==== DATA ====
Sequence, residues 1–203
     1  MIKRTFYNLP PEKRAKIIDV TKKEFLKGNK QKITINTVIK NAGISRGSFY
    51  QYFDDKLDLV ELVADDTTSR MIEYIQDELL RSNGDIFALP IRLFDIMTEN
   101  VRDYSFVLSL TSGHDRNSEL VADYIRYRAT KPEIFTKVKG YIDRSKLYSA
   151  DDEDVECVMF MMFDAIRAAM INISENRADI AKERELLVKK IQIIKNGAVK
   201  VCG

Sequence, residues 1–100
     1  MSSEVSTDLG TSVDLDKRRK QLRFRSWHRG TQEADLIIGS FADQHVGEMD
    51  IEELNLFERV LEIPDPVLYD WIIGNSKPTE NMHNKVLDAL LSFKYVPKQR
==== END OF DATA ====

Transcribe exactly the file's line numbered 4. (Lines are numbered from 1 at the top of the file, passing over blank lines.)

   101  VRDYSFVLSL TSGHDRNSEL VADYIRYRAT KPEIFTKVKG YIDRSKLYSA